Also Call for Laws Prohibiting Discrimination Based on Sexual Orientation and Gender Identity
WASHINGTON - Today, the Human Rights Campaign (HRC), the nation’s largest lesbian, gay, bisexual, and transgender (LGBT) civil rights organization, announced that 17 national religious leaders, from California to the nation’s capital, added their names to a historic statement calling for an end to “religious refusal” bills that allow discrimination against LGBT people.
“Today, leaders from different faith traditions - and from across the country - join in condemning legislation that uses religion to divide people into ‘us’ vs. ‘them’ - bills that can only lead to discrimination,” said Jeff Krehely, Vice President and Chief Foundation Officer at HRC. “By speaking in a unified voice, these leaders are setting an example of inclusion, and sounding the alarm on how these discriminatory bills are harmful to all of society, not just those of us in the LGBT community.”
In the letter, the leaders note that religious freedoms are already guaranteed and protected in the U.S. Constitution, and assert that laws should forbid people from using their religious beliefs to discriminate against or deny service to anyone.
The full text of the letter and list of leaders who have signed on is reflected below:
National Faith Letter of Concern
As religious leaders from bountiful and diverse faith communities, we are concerned with the recent flood of state-level religious refusal bills that have potentially harmful and unintended consequences for the people we serve.
As people of faith who have embraced God’s free will as a gift to us all, we have great respect for the religious freedom of all Americans.
As faith leaders, we hold sacred the long-established First Amendment right of persons to worship based on their own beliefs and convictions.
This intentional means of living in community with others is how we best demonstrate that we are all God’s children. It is part of what makes this country great, and it is this core tenet of our faiths that resists any action that seeks to limit the freedom of others.
We know that there is a difference between worship space and public space. When providing services to the public, our religious freedom does not allow us to pick and choose whom we will serve. Our hands and our hearts must be open to all.
We do not believe it necessary for the state to pass religious refusal bills for the following reasons:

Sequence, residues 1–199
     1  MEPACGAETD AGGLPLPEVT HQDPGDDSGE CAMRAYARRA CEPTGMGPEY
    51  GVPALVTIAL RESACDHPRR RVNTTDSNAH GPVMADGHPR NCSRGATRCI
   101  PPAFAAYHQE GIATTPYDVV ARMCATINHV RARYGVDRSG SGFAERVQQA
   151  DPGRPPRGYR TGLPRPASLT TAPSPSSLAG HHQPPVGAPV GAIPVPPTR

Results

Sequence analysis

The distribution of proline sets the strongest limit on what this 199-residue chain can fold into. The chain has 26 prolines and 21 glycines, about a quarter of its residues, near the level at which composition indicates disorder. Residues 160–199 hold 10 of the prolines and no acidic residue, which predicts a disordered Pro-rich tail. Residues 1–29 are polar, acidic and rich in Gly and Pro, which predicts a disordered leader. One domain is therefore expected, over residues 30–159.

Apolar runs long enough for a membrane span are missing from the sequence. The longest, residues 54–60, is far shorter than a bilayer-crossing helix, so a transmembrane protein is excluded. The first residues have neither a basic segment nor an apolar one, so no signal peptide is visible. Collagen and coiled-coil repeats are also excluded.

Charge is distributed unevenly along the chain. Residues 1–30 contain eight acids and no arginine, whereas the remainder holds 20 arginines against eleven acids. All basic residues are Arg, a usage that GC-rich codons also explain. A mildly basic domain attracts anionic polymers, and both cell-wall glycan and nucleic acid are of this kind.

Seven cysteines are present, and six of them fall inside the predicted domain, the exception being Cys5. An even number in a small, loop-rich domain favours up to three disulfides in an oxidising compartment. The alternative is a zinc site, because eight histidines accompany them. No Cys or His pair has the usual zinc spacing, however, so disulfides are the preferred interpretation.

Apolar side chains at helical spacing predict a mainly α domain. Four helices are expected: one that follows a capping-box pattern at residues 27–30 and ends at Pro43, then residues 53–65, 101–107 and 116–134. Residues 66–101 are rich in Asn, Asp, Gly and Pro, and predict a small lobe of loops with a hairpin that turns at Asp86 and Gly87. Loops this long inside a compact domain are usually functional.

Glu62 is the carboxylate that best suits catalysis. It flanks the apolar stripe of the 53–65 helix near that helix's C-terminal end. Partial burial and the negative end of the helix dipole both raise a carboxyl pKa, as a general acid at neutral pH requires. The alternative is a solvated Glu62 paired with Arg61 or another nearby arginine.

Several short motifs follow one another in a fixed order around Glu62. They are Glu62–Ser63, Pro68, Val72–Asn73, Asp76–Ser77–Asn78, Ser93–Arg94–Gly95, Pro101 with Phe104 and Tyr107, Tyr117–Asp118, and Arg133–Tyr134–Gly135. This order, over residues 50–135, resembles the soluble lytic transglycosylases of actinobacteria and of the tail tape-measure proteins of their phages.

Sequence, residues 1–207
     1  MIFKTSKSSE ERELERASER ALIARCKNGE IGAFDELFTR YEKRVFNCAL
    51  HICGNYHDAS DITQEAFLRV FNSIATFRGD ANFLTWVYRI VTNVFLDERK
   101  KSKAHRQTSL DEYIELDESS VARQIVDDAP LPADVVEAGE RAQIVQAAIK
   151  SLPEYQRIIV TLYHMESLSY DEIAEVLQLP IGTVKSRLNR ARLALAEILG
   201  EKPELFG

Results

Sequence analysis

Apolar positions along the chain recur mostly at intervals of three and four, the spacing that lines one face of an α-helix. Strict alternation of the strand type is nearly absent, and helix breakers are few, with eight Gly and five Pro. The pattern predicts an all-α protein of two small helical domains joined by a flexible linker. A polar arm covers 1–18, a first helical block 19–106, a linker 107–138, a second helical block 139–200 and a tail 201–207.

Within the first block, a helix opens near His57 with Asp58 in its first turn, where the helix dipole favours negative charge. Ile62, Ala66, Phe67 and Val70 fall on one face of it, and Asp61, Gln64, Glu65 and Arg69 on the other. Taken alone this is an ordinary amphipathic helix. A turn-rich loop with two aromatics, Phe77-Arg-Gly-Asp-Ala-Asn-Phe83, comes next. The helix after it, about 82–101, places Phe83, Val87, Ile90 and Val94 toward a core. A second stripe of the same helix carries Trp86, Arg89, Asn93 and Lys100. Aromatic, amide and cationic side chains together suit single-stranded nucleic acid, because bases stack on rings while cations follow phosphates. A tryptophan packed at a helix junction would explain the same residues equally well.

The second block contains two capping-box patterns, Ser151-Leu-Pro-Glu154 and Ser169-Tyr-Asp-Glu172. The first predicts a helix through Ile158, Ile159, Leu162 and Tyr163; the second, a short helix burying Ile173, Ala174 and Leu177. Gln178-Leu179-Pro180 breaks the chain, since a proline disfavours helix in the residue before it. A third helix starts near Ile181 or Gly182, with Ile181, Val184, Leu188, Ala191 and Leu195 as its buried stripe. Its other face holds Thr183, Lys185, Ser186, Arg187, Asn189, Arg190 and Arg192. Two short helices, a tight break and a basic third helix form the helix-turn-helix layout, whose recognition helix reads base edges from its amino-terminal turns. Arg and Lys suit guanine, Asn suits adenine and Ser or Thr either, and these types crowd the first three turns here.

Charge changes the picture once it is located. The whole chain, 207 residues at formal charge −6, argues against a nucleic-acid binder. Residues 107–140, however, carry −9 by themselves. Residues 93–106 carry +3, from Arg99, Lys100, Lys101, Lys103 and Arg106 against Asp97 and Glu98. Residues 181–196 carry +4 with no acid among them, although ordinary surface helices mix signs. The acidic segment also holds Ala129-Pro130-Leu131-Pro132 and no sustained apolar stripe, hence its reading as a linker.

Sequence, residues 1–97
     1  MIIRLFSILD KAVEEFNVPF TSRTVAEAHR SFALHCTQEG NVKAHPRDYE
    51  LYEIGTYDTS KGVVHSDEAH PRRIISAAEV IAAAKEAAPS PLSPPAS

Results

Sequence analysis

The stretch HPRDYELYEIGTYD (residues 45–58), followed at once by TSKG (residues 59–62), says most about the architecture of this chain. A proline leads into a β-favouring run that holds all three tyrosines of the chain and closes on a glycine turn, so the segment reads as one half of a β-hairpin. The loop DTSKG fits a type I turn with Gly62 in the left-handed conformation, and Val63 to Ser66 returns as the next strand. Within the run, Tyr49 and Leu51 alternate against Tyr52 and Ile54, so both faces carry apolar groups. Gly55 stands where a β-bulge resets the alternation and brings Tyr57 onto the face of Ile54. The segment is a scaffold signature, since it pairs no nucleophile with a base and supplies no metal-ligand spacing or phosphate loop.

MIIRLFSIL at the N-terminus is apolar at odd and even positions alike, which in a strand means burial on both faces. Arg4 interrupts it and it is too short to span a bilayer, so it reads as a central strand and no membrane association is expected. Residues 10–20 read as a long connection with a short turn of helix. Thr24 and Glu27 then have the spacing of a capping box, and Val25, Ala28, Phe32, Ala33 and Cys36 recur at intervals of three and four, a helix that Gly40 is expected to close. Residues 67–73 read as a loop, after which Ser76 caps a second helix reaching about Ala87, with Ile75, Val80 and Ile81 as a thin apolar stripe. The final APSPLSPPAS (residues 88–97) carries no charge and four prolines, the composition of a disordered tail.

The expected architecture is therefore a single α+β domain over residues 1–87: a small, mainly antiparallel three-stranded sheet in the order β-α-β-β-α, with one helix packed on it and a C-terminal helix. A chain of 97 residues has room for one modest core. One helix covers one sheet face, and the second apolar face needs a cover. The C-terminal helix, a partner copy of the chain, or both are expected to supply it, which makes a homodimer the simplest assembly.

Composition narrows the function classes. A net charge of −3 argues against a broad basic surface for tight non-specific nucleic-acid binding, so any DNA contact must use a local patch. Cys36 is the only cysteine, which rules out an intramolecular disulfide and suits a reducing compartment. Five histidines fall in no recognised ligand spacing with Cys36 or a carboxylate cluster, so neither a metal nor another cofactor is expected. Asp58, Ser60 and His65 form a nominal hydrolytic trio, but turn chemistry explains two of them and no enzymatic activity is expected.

1. Our freedom of religion is already guaranteed and protected by the United States Constitution.
2. Legislation that purports to protect people of faith could unleash a wave of costly lawsuits that will add undue burdens on the courts, businesses, and taxpayers who are members of our communities of faith.
3. State-level religious refusals could cause harm in unintended but practical ways:
a. a paramedic could refuse to provide life-saving services to a person who self-identifies as lesbian, gay, bisexual or transgender (LGBT).
b. a police officer could refuse to protect synagogues and mosques.
c. a school counselor could refuse to offer guidance to a teenager who is LGBT, Hindu, Jewish, Muslim or Sikh.
d. a public servant—like a probate judge—could refuse services to interracial, interfaith, divorced and same gender loving couples.
We are a pluralistic nation by choice, one of the most religiously diverse and devout in the world. Every day, we take intentional steps forward on our journey towards “a more perfect union.” We are called to respect the fundamental dignity and worth of all God’s children. While we may have different views on a variety of social and political issues, we unite ourselves in the condemnation of discrimination and in firm support of equal protections as guaranteed by the Constitution.
We the undersigned strongly encourage our elected officials not to support these unnecessary bills that cast wide the net for exclusion and division. Furthermore, we call on all legislatures to add sexual orientation and gender identity as protected classes to their civil rights laws and to explicitly forbid discrimination or denial of services to anyone.
Elected officials have a duty and responsibility to us as citizens to preserve the freedom of religion already afforded to us through the United States Constitution. To do otherwise is, in our view, wrong.
Rev. Dr. William J. Barber II
Senior Pastor, Greenleaf Christian Church
Rabbi Denise Eger
Central Conference of American Rabbis, New York, NY
The Rt. Rev. V. Gene Robinson
Bishop of New Hampshire
Episcopal Church, Washington, D.C.
Rev. Ann Pittman
Transylvania Presbytery, Lexington, KY
Rev. Dr. Frederick D. Haynes III
Friendship West Baptist Church, Dallas, TX
Rev. Dr. T. Anthony Spearman
St. Phillip AME Zion Church, Greensboro, NC
Rev. Dr. Brad Braxton
The Open Church, Baltimore, MD
Rev. Al Sharpton
National Action Network, New York, NY
Dr. Iva Carruthers
Samuel Dewitt Proctor Conference, Chicago, IL
Rev. Lynn Ellsworth
East Iowa Presbytery, Mount Pleasant, IA
Rev. Dr. Delman Coates
Mt. Ennon Baptist Church, Clinton, MD
Imam Daayiee Abdullah
Light of Reform Mosque, Washington, DC
Bishop Yvette Flunder
The Fellowship of Affirming Ministries, Oakland, CA
Bishop Tonyia Rawls
Sacred Souls Community Church, Charlotte, NC
Rev. Dr. Derrick Harkins
The Nineteenth Street Baptist Church, Washington, DC
Rev. Chloe Breyer
The Interfaith, Center of New York, New York, NY
Rev. Dr. Wendell Griffin
New Millennium Baptist Church, Little Rock, AR
The Human Rights Campaign is America’s largest civil rights organization working to achieve lesbian, gay, bisexual and transgender equality. By inspiring and engaging all Americans, HRC strives to end discrimination against LGBT citizens and realize a nation that achieves fundamental fairness and equality for all.
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